California's new governor is a veteran of decades of political wars. But Jerry Brown may not have faced such sudden, formidable opposition since he ran up against a groundswell of voter outrage that resulted in the landmark Proposition 13 constitutional amendment to dramatically reduce property taxes.

In his previous stint as governor, Mr. Brown took his lumps in that 1978 campaign, bumping up against overwhelming voter sentiment. He changed his stance on Prop. 13 after voters had their say at the ballot box. Today he faces another groundswell of opposition, if not as numerous, perhaps as potent.

The governor has managed almost overnight to rally many local government officials against him with his proposal to abolish their pet projects that funnel taxpayer subsidies doled out by small cadres of local officials, essentially picking winners in local development and business. We strongly support Mr. Brown's plan to abolish 425 local redevelopment agencies that capture portions of local property taxes and 42 Enterprise Zones that award tax breaks and other incentives to favored recipients.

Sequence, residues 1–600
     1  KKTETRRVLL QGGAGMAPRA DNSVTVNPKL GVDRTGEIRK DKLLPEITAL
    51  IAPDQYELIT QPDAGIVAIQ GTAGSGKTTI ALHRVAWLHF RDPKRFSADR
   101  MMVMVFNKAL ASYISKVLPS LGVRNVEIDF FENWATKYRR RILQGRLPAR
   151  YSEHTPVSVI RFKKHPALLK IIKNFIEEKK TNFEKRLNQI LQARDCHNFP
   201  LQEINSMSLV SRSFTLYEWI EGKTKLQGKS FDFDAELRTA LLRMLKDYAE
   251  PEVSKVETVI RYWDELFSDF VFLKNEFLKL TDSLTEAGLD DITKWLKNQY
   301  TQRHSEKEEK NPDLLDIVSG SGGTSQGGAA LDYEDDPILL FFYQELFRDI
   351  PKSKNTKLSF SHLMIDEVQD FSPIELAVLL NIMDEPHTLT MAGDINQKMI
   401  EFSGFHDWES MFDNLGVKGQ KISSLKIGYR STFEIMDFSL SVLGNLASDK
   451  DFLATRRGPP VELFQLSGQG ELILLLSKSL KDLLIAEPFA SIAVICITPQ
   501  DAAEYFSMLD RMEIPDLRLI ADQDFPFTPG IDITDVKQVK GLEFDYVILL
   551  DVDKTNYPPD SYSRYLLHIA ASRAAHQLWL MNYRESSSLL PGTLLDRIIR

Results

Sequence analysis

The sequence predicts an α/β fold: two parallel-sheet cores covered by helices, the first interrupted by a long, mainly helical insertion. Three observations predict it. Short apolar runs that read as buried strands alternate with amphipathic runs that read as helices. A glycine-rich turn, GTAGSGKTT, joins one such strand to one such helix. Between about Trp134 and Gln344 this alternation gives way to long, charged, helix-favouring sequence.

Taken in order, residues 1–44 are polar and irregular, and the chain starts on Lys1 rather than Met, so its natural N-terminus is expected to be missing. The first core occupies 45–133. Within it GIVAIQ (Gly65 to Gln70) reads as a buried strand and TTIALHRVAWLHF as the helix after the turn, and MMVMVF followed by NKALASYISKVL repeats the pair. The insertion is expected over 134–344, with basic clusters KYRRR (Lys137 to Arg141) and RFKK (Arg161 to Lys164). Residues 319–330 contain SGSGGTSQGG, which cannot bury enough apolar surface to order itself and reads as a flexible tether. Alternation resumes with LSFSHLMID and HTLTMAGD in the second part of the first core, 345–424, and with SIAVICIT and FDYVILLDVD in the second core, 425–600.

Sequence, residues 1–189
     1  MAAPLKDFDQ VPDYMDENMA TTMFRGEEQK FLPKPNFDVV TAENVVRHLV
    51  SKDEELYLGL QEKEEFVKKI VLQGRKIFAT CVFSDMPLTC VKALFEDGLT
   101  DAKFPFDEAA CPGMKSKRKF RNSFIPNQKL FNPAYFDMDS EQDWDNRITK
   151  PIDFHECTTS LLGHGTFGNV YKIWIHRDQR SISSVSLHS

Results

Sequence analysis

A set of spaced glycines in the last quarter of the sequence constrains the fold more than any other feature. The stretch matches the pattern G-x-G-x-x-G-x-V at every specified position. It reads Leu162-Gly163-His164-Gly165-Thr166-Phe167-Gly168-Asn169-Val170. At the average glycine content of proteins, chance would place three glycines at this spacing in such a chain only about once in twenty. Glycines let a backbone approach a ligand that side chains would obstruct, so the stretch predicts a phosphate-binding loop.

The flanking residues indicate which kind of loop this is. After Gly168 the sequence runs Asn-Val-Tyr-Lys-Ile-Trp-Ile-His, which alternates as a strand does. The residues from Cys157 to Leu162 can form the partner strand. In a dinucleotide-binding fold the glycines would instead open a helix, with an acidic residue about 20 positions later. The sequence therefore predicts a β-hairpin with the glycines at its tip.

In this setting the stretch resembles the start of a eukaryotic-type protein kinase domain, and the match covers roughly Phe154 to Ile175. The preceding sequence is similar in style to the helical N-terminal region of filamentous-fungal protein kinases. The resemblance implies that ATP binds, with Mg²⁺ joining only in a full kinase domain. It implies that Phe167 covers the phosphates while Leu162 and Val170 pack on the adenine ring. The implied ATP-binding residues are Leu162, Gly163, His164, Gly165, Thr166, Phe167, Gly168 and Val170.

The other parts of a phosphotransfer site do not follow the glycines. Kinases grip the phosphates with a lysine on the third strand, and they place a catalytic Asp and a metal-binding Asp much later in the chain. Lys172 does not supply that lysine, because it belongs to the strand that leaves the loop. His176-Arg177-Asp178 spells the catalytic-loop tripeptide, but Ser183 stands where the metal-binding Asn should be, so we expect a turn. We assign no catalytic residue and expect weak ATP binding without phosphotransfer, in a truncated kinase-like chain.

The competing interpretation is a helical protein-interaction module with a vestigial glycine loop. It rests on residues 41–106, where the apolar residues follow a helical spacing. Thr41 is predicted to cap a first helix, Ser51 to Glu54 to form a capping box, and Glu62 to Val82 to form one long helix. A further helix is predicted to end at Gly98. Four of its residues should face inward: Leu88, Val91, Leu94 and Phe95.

Until now, redevelopment and EZ proponents might have imagined Mr. Brown to be a likely ally, considering his long-standing preference for revitalizing inner cities and in-fill development, things he engaged in as mayor of Oakland with the aid, ironically, of that city's redevelopment agency.

But the redevelopment and EZ crowd isn't pleased at all with the governor for what he threatens to take away from them their ability to continue draining taxpayers' funds for subsidized projects.

Mr. Brown was right when, as governor in 1978, he eventually joined supporters of Prop. 13, which he had campaigned against. At that time he abandoned a principled position to go over to the other side, and acted pragmatically to offset the proposition's effect on local government budgets.

His newfound opposition to these local agencies probably is driven more by a fiscal pragmatism forced upon him by a $25-billion budget shortfall than it is by principle. But today he would be wrong to join with opponents and abandon his plans to abolish redevelopment agencies and Enterprise Zones.

We urge him not to go soft. Abolishing these local entities will permit tax money to be used more properly by local cities, counties, schools and special districts and put an end to corporate welfare favoritism.